Friends and Fans — I have retired from my work as a public intellectual, so Philosophy in Action is on indefinite hiatus. Please check out the voluminous archive of free podcasts, as well as the premium audio content still available for sale. My two books — Responsibility & Luck: A Defense of Praise and Blame and Explore Atlas Shrugged — are available for purchase too. Best wishes! — Diana Brickell (Hsieh)

The Morality of Boycotts

Q&A Radio: 8 February 2015, Question 3

I answered a question on the morality of boycotts on 8 February 2015. You can listen to or download the podcast of just this question below – or check out the whole episode of Philosophy in Action Radio.

It is moral to advocate for the boycott of a business? Over the holidays, my brother and I discussed cases in which businesses are compelled by government to provide services against their will. For example, the Colorado courts demanded that a bakery make cakes for gay couples or face fines. We agreed that the business should be left free to operate as they see fit, absent violating anyone's actual rights, and reap the rewards or penalties from their choice. Where we diverged was on the moral status of the business owner and whether the bakery deserved to be boycotted. In my view, the decision of the owner of the Colorado bakery was immoral: they were being irrational, discriminating by non-essentials. My brother disagreed. Moreover, my brother opposed any advocacy of a boycott, seeing this as a call for force to be applied against the owner. This would be wrong, in his view, but he would be fine with suggesting that people patronize a different store. Ultimately, I found that I could not adequately explain why I think people might actively and openly oppose wrong acts by businesses, even if those acts don't violate rights. So what justifies such boycotts, if anything?

My Answer, In Brief: So long as conducted peacefully and honestly, boycotts do not violate rights. When used properly – in service of worthy causes and by worthy means – they can be powerful and important methods of cultural change.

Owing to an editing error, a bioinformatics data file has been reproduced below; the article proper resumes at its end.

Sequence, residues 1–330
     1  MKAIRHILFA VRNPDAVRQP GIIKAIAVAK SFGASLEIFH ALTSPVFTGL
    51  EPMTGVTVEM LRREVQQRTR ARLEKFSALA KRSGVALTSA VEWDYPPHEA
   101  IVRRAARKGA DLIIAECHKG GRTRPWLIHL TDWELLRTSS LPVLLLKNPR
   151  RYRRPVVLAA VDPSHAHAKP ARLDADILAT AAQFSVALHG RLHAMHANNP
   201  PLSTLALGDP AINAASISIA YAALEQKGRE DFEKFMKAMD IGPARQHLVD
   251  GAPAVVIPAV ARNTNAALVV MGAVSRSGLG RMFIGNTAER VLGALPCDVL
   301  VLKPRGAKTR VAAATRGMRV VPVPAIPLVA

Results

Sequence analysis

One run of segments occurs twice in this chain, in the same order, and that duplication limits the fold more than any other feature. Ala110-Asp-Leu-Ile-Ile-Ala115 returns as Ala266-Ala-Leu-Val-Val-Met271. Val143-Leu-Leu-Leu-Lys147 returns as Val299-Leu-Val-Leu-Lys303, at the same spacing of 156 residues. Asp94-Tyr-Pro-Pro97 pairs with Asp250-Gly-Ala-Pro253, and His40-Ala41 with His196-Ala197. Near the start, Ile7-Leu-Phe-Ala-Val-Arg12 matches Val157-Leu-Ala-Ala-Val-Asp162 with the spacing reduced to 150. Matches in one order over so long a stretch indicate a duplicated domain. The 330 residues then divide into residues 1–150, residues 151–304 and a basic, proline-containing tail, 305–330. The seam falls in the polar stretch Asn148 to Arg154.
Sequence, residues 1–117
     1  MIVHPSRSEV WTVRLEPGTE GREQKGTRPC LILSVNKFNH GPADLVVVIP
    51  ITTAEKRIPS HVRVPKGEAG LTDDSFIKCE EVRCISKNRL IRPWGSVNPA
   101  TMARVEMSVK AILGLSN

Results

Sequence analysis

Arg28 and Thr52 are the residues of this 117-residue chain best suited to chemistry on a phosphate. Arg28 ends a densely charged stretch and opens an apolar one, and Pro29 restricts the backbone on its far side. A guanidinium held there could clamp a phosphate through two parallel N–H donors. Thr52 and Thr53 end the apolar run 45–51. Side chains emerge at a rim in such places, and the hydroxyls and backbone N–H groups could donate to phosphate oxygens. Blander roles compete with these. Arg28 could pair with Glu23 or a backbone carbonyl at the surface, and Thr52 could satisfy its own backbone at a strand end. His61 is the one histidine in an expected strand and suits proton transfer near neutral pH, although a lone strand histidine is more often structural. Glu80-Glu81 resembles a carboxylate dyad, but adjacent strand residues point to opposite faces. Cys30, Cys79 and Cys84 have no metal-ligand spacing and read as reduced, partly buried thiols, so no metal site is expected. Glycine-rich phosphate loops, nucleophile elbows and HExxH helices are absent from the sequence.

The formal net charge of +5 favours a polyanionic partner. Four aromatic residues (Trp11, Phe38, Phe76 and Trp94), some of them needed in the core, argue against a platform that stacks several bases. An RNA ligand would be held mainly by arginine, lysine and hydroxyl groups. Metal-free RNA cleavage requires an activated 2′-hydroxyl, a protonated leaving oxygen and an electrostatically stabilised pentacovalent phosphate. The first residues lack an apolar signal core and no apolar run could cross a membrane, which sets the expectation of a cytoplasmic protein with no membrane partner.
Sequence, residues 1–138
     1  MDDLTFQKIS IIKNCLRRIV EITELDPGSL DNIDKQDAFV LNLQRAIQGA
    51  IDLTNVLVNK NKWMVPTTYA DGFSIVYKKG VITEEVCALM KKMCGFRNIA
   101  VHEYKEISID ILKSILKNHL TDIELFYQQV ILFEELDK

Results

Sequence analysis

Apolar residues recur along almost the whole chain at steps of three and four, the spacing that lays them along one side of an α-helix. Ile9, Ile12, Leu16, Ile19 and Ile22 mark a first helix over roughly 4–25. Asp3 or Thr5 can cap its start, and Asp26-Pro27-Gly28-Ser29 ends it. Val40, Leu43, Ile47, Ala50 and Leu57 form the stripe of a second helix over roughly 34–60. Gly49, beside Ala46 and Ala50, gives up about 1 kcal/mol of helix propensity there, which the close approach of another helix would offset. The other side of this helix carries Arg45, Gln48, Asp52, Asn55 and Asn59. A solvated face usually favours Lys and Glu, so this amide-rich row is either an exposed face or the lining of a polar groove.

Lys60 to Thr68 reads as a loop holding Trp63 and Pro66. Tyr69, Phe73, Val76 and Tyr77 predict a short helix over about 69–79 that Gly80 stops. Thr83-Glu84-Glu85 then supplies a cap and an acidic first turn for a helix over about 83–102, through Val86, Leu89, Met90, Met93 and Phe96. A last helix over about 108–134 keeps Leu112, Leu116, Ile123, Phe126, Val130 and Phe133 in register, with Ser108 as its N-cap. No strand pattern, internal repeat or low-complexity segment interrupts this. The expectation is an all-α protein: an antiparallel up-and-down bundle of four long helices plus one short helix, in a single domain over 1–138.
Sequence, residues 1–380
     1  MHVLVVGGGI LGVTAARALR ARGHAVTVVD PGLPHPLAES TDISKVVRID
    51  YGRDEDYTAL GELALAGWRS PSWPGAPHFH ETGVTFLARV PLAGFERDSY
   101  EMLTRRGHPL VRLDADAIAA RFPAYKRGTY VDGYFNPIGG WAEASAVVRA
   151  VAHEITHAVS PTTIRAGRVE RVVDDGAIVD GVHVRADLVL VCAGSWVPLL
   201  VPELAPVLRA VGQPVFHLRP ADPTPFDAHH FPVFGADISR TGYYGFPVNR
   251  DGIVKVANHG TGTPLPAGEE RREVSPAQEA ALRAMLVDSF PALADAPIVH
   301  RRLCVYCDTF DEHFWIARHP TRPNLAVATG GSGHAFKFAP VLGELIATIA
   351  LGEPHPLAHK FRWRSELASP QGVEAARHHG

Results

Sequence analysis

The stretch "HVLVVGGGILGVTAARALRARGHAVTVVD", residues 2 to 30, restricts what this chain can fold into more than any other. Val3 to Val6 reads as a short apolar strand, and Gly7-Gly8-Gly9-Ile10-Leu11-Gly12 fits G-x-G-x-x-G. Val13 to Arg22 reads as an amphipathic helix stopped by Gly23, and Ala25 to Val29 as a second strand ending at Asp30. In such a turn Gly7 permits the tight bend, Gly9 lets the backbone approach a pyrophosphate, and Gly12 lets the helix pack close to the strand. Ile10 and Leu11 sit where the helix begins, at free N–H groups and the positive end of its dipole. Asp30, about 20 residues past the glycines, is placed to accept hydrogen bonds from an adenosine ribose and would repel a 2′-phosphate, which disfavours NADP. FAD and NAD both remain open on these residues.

Tags: Boycotts, Business, Defamation, Ethics, Honesty, Law, Politics, Rights, Torts, Values


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The mission of Philosophy in Action is to spread rational principles for real life... far and wide. That's why the vast majority of my work is available to anyone, free of charge. I love doing the radio show, but each episode requires an investment of time, effort, and money to produce. So if you enjoy and value that work of mine, please contribute to the tip jar. I suggest $5 per episode or $20 per month, but any amount is appreciated. In return, contributors can request that I answer questions from the queue pronto, and regular contributors enjoy free access to premium content and other goodies.

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About Philosophy in Action

I'm Dr. Diana Brickell (formerly Diana Hsieh). I'm a philosopher, and I've long specialized in the application of rational principles to the challenges of real life. I completed my Ph.D in philosophy from the University of Colorado at Boulder in 2009. I retired from work as a public intellectual in 2015.

From September 2009 to September 2015, I produced a radio show and podcast, Philosophy in Action Radio. In the primary show, my co-host Greg Perkins and I answered questions applying rational principles to the challenges of real life. We broadcast live over the internet on Sunday mornings.

You can listen to these 362 podcasts by subscribing to the Podcast RSS Feed. You can also peruse the podcast archive, where episodes and questions are sorted by date and by topic.

My first book, Responsibility & Luck: A Defense of Praise and Blame, can be purchased in paperback and Kindle. The book defends the justice of moral praise and blame of persons using an Aristotelian theory of moral responsibility, thereby refuting Thomas Nagel's "problem of moral luck." My second book (and online course), Explore Atlas Shrugged, is a fantastic resource for anyone wishing to study Ayn Rand's epic novel in depth.

You can also read my blog NoodleFood and subscribe to its Blog RSS Feed.

I can be reached via e-mail to diana@philosophyinaction.com.

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